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The way your clients experience retirement is changing. Today, baby boomers are working longer than any generation in the past 50 years, with 25% of those aged 65 to 72 now participating in the workforce. With these changes come new questions about when it makes sense to start taking Social Security. Not surprisingly, the answer depends on the individual.

Betting on Longevity

Earners can start taking Social Security as early as age 62, but for many advisory clients, waiting until their full retirement age (FRA) or later makes more sense. Why? Because the benefits of waiting are often substantial. For every year a client waits to claim beyond their FRA, they receive a delayed retirement credit of as much as 8%. A guaranteed income stream that grows 8% per year is virtually impossible to find elsewhere in today’s low interest rate environment. That difference can add up to tens of thousands of dollars for clients who live long enough.

So how do you determine if a client should wait to claim? A good place to start is with a client’s break-even age — the age beyond which they come out ahead if they wait to start Social Security. If a client expects to live beyond their break-even age, then they should wait to claim.

Of course, break-even age is only one factor in a much broader decision. Your recommendation for when to claim should also consider the big picture of your client’s situation, including their marital status and the life expectancy of their spouse, as well as their employment history, future earning potential, cash flow needs and tax circumstances. For married couples, the higher earner often benefits from waiting longer to claim. If the higher earner dies first, the surviving spouse will be helped by the stepped-up survivor benefit.

Weighing the Tradeoffs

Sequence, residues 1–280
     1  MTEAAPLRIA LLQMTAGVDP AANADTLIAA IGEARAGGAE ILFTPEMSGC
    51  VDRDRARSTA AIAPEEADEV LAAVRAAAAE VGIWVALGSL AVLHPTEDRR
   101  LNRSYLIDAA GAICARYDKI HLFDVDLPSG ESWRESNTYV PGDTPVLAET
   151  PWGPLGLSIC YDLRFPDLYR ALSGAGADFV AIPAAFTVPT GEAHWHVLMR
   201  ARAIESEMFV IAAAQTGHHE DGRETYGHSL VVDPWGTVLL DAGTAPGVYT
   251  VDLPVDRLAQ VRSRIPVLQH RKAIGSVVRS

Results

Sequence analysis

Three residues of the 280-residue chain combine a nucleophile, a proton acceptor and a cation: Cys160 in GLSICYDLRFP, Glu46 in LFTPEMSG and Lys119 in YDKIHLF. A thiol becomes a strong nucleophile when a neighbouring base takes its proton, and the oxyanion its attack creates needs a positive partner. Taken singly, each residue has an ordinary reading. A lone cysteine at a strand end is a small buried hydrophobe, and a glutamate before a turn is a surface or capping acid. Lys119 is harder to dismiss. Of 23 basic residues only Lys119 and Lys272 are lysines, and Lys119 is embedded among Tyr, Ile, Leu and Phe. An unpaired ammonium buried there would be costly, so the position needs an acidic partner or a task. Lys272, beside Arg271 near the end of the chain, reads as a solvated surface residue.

A client’s guess as to his or her life expectancy will have a significant impact on their decision of when to claim Social Security.


When Starting Early Makes Sense

Clients who claim before their FRA will receive more payments, but those payments can be as much as 30% smaller. Even so, sometimes there are good reasons to start early. For example, if a client has significant health concerns, or has relatives who have died relatively young (e.g., before age 70), their life expectancy may be shorter and claiming before their FRA may make sense.

In addition, clients who lack savings to fully fund their lifestyle in retirement might also benefit from claiming early, especially if that allows them to put off drawing on tax-advantaged accounts.

Finally, some clients may want to claim early in order to fund a more active lifestyle in early retirement, when they’re physically able to travel and pursue their interests. Those clients should plan on reducing their spending as they become less active in mid- to late-retirement.

A Relationship-building Opportunity

According to a recent poll, 59% of American workers say retirement planning makes them feel stressed. This stress stems from the complexity of choices, as well as the gravity associated with the possibility of making the wrong choice. Helping clients navigate decisions around Social Security provides one of the best opportunities to alleviate fears and strengthen your client relationships. That’s an opportunity not to be missed.